“Keep your eye on your inner world.”
So Dorothea Tanning finds a temporary home at Tate Modern after years of relative neglect by the art establishment, a neglect which she may or may not have been partly responsible for…
Speaking of Max Ernst in her 2001 autobiography ‘Between Lives’, she said:
“He was as isolated as an unnamed island, unnamed because too far away from any other landmass, out of bounds.”
Was she referring to herself too..?
Dorothea was no lover of labels and neither was her creativity limited to canvas.
She sculpted and published poetry and prose in her lifetime but as a painter Tanning, evidently, was tied to Surrealism… by allusion, by association, by marriage… and stylistically there are certainly comparisons with the work of proto-surrealist Giorgio de Chirico…
But, ever the polymath, to this day there remains something homeless about Dorothea. To my mind it was the nature of her investigations that set her apart, which quietly, resolutely fashioned an oeuvre all her own.
I enjoy a restless spirit, and if my leaning here is more theoretical than art historical, this isn’t in order to place her in a different tradition, but to prise her free of such considerations altogether. While most current commentaries are attempting to reel her (back) into the art fold, to ‘place’ her, if we want to truly grasp this work we need to, at least attempt, push her further away…
The best art fails well, by striving for an outside it can never reach and Tanning’s ‘surrealism’ (ironically) succeeded because it pushed beyond surrealism. Dorothea’s work presented doors to be opened, thresholds to be crossed, literally and figuratively, not towards the light of truth but something unnamed, unnameable.
In our modern culture that has become obsessed with names, categories and destinations, the value of non-narrative, anti-narrative, and unknown journeys to unknown universes, feels compromised. For a while science fiction and fantasy (in film and literature) characterized our modern surrealism, but with the likes of Star Wars and Marvel paying perpetual lip-service to the holy grail which is the Hero Myth, these genres have become formulaic and shallow. The working out of a ‘truth’ wrapped in a proper name has trumped the freedom to be nothing (and everything). Identity has become an industry. ‘Right-thinking’ has erased the possibility of erasure, and in modern culture’s apparent zeal to ‘heal’, something feels broken.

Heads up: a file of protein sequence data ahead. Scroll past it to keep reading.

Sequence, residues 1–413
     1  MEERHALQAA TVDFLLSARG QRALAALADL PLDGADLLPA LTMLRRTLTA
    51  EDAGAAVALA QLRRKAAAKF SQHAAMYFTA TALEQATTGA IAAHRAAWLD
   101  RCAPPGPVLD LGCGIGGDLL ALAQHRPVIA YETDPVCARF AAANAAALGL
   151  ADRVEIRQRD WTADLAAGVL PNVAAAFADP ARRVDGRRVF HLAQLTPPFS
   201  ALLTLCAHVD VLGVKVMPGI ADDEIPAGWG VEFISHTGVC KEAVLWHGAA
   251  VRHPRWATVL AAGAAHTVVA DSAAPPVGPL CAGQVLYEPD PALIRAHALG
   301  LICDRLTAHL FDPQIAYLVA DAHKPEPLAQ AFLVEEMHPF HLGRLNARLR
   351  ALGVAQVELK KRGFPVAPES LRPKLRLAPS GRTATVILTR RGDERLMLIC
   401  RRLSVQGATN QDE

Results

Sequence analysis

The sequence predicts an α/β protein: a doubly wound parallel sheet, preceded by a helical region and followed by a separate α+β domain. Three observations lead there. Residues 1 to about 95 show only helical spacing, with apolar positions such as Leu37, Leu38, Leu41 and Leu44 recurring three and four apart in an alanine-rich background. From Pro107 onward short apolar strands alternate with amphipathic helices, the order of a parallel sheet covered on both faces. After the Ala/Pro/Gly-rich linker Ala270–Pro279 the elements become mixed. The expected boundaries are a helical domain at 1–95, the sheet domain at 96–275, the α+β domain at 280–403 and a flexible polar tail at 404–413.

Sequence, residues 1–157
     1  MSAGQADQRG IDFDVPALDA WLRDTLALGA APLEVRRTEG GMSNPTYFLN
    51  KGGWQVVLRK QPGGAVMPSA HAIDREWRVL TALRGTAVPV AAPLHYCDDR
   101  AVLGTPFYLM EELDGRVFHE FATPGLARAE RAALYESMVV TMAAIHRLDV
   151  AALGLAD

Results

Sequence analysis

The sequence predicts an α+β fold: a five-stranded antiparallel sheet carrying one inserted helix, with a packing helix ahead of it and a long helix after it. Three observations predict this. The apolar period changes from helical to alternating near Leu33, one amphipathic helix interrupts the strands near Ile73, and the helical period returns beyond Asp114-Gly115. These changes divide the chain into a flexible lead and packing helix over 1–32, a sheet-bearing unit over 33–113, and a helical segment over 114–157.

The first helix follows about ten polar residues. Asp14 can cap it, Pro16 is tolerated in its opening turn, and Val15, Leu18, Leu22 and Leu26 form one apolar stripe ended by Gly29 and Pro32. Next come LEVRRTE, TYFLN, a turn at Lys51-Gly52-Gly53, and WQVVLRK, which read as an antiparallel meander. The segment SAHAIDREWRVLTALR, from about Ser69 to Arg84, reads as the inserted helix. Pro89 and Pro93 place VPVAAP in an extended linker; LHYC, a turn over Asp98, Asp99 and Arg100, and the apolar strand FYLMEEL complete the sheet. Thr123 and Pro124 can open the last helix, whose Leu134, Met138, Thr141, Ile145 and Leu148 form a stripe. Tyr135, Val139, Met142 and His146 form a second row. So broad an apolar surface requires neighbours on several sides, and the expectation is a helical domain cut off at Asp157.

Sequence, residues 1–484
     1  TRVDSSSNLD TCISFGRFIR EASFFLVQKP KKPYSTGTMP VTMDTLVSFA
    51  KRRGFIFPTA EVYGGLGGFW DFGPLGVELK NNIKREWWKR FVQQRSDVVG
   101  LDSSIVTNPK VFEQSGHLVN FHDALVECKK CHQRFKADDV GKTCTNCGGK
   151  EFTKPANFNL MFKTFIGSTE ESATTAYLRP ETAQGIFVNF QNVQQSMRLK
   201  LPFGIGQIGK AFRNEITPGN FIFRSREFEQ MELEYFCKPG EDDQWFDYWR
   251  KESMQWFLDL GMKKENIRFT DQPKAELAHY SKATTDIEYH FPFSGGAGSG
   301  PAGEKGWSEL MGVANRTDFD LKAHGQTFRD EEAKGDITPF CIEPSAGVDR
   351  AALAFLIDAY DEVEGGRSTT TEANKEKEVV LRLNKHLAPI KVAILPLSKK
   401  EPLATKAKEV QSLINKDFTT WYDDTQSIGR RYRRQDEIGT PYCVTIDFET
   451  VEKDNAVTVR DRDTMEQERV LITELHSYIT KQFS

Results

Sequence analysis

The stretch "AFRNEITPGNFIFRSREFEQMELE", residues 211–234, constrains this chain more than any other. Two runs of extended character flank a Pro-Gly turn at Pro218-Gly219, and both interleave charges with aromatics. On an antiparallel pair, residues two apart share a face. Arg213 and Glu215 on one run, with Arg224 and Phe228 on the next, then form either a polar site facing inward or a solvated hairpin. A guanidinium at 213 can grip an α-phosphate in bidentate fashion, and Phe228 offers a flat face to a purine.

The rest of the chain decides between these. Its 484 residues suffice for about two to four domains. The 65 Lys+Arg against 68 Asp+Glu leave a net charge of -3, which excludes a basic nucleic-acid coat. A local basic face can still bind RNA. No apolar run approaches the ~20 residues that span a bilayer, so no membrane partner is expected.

By contrast Tanning expressed a self not so much in crisis, as unformed. incomplete. Her early work presents a ‘youthfulness’ that borders something protean. The ‘girl-child’ is a repeating motif and Tanning’s girls, at some level, may represent an aspect of her past self, but they also exude something wholly other, almost supernatural. They are never victims but always complicit in the events depicted. More Sprite than Nymph they allude to something Dionysian. Their ‘incompleteness’ doesn’t contain the seed of their own potential wholeness but leads to something fragmented, multiple.
She came out of Galesburg, Illinois, a small town where “Nothing happens but the wallpaper.” And yet hiding behind that wallpaper… what magnificently tarnished walls must have lain hidden…
As an emerging artist she fell into a world broken and being broken by successive world wars, but a search for healing, or wholeness appeared to be the last thing on her mind… In Children’s Games two girls are hard at work stripping the walls of its wallpaper revealing strange, fleshy growths beneath, while ignoring the light at the end of the corridor.
Sensible girls run for the exit but Tanning’s world is full of mischief, discovery and dark humour — her girls would never run, and if surrealism represented one thing it was the celebration of the freedom of error… to be wilfully ‘wrong-headed’… Tanning laughs while probing the unknown… surely the prerogative of childishness.
She wrote in her autobiography:
“So the beginning is an impossible place, as meaningless as that dot on my drawing in a class perspective lesson, the spot in the middle of the paper where all lines—roads?—came together at a place called Infinity. Only, supposing out of curiosity you tried to go there, you’d never make it. The spot would have gone […] It was a trick not only of the eye but of fate itself…”
Doors open to more doors. Tanning’s is a journey without beginning or end, without the promise of a utopia and this renders it dark… and nameless.
“It’s hard to be always the same person.”
Tanning plays with self-identity without forming conclusions, doubtfulness, paradoxically, lives out in the open. The evocation of the enigmatic, the unknown, reveals a self ‘under erasure’ – there are no names, just openings, thresholds, desires…